A trial was had on this issue in October 1956. In addition to the testimony referred to above, J.W. Guthrie and wife testified that in fact they thought they were signing a will rather than a deed in 1951, and that they wholly misunderstood what was being done by the consent decree with respect to their right to cut and sell the timber. Appellants, and their counsel who had represented them in the 1951 proceedings, testified unequivocally that there was no misunderstanding on their part; that the chancellor had announced in open court the life tenants would not have the right to cut timber for commercial sale, but only for use on the premises; and that both sides agreed to the decree with that understanding. The chancery court found that the evidence did not reflect any fraud, but that complainants J.W. Guthrie and wife were mistaken and thought that they would have the right to cut the timber and sell it commercially. The Court said there was a "mutual mistake existing between the parties, the complainants on the one hand believing that they could cut and remove the timber, and the defendants on the other hand believing the complainants could not cut and remove the timber."

Hence on October 10, 1956, the chancery court vacated and annulled the 1951 consent decree and deed, and remanded the cause to the docket for a hearing on the merits of the original bill of complaint filed in 1950. Such a hearing was had in June 1957. The final decree of June 5, 1957, cancelled all claims of the defendant-appellants and confirmed title in J.W. Guthrie and wife. However, the court placed an equitable lien on the land in favor of appellants for $2,500, representing expenditures appellants had made on the property over a long period of time. This appeal is from that decree.

Since we have concluded that it was error to set aside the 1951 consent decree and deed, it is not necessary to consider the decree of June 5, 1957, rendered after a trial on the merits upon the original bill of complaint. The parties settled that controversy in the 1951 consent decree.

(Hn 1) A consent judgment acquires the incidents of, and will be given the same force and effect as, judgments rendered after litigation. It is binding and conclusive, operating as res judicata and an estoppel to the same extent as judgments after contest. (Hn 2) Also, being in the nature of a contract, a consent judgment should be construed as a written contract. So in the absence of fraud, mutual mistake or collusion, a judgment by consent is binding and conclusive upon the parties and those in privity with them, to the same extent as judgments rendered upon controverted facts and after consideration thereof upon a contested trial. (Hn 3) A consent judgment or decree is res judicata to the same extent as if entered after contest. 30A Am. Jur., Judgments, Secs. 148-155, 638. Relief upon the ground of mutual mistake should be granted with extreme caution and only in a limited class of cases. Ibid., Sec. 664.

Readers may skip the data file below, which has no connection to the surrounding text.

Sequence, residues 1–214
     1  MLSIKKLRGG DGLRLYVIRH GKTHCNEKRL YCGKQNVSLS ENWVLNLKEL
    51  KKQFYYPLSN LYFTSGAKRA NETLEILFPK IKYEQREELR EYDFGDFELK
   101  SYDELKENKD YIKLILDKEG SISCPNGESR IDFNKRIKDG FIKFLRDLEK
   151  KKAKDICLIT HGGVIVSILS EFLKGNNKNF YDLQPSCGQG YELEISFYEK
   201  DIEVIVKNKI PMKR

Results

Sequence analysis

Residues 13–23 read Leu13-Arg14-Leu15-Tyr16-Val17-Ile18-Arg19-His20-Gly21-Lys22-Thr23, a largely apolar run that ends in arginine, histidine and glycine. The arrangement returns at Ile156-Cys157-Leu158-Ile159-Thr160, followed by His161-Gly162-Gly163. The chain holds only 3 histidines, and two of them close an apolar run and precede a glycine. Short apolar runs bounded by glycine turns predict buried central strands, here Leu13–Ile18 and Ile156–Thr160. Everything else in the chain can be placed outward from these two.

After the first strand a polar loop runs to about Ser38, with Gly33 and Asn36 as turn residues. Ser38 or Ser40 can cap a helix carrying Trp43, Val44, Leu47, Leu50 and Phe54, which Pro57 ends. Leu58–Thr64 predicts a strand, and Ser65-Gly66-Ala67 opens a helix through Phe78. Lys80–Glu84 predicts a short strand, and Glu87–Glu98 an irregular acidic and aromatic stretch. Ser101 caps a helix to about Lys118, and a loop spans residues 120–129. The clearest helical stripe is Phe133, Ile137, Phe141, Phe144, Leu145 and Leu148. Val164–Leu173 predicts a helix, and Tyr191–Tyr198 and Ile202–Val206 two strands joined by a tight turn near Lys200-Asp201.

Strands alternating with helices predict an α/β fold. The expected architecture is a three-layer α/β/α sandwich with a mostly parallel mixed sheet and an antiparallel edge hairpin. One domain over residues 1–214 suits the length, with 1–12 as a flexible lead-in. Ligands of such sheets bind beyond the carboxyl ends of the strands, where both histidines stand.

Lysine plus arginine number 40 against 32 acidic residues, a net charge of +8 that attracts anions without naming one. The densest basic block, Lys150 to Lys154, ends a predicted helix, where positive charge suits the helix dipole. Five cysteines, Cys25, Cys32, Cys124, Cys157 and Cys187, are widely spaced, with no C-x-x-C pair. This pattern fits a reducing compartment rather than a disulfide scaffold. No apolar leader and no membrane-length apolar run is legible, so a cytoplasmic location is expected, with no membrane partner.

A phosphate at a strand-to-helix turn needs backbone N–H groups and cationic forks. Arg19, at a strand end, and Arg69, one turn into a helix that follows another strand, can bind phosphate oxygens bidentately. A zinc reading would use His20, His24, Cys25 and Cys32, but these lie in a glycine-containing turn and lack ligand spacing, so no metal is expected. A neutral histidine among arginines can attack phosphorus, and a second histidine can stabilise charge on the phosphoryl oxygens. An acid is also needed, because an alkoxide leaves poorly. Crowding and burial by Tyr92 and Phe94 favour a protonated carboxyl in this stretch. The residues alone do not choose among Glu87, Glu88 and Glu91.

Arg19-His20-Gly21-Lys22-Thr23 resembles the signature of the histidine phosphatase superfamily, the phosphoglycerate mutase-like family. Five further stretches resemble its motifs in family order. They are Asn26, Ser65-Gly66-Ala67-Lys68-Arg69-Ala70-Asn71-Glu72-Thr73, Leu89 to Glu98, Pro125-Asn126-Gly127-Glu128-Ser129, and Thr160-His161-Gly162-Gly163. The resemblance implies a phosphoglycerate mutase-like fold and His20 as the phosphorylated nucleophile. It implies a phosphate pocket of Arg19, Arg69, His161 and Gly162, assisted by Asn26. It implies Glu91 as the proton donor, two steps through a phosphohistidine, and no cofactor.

Discussing consent decrees, Griffith, Mississippi Chancery Practice (2d Ed. 1950), Sec. 618, says: "Such a consent possesses the attributes of a contract and, when duly authenticated and especially after being filed, it is binding on the consenting parties, if competent to contract, and cannot be set aside or reviewed, except on a clear showing that it was obtained by fraud, or the substantial equivalent thereof, or was based on mutual mistake." See also A.L.I., Restatement of Judgments, Sec. 118(b), page 571; Sec. 126(e); 49 C.J.S., Judgments, Sec. 330; Rusch v. Prudential Ins. Co. of America, 197 Minn. 81, 266 N.W. 86 (1936).

(Hn 4) The undisputed evidence reflects that attorneys for both sides, the chancellor and the parties were all present when the terms and effect of the consent decree and deed were discussed; that the chancellor correctly stated that under the law the life tenants would not have the right to cut the timber for commercial sale; that the attorneys and the parties agreed to the consent decree and the deed as drafted, following which the chancellor signed the decree and appellees executed the deed. Three was no mutual mistake where complainants believed they could cut the timber, and the defendants believed they could not. The defendants were not mistaken about this. In fact, it is rather apparent that the complainants were not mistaken either. Certainly the chancellor prior to executing his decree fully discussed and explained its effect to all parties and their counsel. It would be difficult to obtain a binding consent judgment, if the present one were not valid. See 5 Williston on Contracts (5th Ed. 1937), Secs. 1570A, 1573, 1578. Hence the final decree of the chancery court is reversed, as is the decree of October 11, 1956, cancelling the consent decree and deed of July 5, 1951. The consent decree is reinstated and affirmed.

Reversed and judgment rendered for appellants.

Roberds, P.J., and Lee, Arrington and Gillespie, JJ., concur.


Summaries of

Guthrie v. Guthrie

Supreme Court of Mississippi
May 5, 1958
102 So. 2d 381 (Miss. 1958)

In Guthrie v. Guthrie, 233 Miss. 550, 556-557, 102 So.2d 381, 383 (1958), cited by petitioner, the Mississippi Supreme Court described a consent judgment as follows:‘A consent judgment acquires the incidents of, and will be given the same force and effect as, judgments rendered after litigation.

Summary of this case from Salter v. Comm'r of Internal Revenue (In re Estate of Salter)
Case details for

Guthrie v. Guthrie

Case Details

Full title:GUTHRIE, et ux. v. GUTHRIE, et ux

Court:Supreme Court of Mississippi

Date published: May 5, 1958

Citations

102 So. 2d 381 (Miss. 1958)
102 So. 2d 381